Video: Smoking "Oxi" in South America

By Dirk Hanson 05/31/11

A  lethal mix of cocaine paste, gasoline, kerosene, and quicklime is downing hundreds of addicts in the Amazon.

What do you get when you mix cocaine paste, gasoline, kerosene, and quicklime together, then dry it and smoke it?

What do you think? Addiction, paranoia, hallucinations, vomiting and uncontrollable diarrhea. And after a year, death. Or so say Brazilian officials.  When we first heard about this South American street drug, we thought it was a hoax, or at least garbled in translation. Tragically, these invented highs of the poor and the desperate are all too real.

Here’s how an article in the The Guardian described it: “Oxi, or oxidado—‘rust’—is the latest drug to surface in the Amazon. It is reputedly twice as powerful as crack cocaine and just a fifth of the price. ‘The difference between cocaine and oxi is like the difference between drinking beer and pure alcohol,’ said a federal police operative.” 

However, it turns out that oxi has been around under one name or another for quite some time, so our initial suspicions were not unfounded. According to Vaughan Bell at Mind Hacks: "My guess would be that ‘Oxi’ is just a new name being used to locally market this form of cocaine paste in the Brazilian area of the Amazon region whereas it is sold as basuco in the rest of the Spanish speaking areas."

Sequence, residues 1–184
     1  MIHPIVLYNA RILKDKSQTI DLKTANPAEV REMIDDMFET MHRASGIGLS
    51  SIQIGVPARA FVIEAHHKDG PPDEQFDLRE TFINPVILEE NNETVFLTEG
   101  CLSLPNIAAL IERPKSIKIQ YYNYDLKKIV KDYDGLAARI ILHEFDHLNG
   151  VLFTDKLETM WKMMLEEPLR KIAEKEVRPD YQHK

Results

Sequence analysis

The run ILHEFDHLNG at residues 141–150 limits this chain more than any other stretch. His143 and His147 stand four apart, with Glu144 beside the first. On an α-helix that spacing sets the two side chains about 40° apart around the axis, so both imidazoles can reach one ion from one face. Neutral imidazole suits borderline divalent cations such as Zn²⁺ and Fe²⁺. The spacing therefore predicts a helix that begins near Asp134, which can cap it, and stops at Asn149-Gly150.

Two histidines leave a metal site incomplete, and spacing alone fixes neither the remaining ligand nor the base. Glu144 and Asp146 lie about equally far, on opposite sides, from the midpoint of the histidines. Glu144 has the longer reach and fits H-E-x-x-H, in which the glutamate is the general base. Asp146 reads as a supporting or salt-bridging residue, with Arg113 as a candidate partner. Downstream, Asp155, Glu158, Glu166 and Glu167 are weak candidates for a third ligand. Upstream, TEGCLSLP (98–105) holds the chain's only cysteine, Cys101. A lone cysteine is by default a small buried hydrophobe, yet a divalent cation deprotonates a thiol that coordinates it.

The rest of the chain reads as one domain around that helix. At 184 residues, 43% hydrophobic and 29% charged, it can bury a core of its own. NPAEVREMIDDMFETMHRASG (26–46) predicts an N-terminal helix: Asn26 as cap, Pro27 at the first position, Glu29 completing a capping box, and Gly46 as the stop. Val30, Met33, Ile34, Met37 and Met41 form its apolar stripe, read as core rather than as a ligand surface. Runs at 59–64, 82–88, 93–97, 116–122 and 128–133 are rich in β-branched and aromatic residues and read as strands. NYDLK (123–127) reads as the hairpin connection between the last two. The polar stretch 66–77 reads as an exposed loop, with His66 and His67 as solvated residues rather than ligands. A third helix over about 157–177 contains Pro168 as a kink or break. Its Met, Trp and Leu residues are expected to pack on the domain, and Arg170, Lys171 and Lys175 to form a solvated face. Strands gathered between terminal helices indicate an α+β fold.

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Dirk Hanson, MA, is a freelance science writer and the author of The Chemical Carousel: What Science Tells Us About Beating Addiction. He is also the author of The New Alchemists: Silicon Valley and the Microelectronics Revolution. He has worked as a business and science reporter for numerous magazines and trade publications including Wired, Scientific American, The Dana Foundation and more. He currently edits the Addiction Inbox blog. Email: [email protected]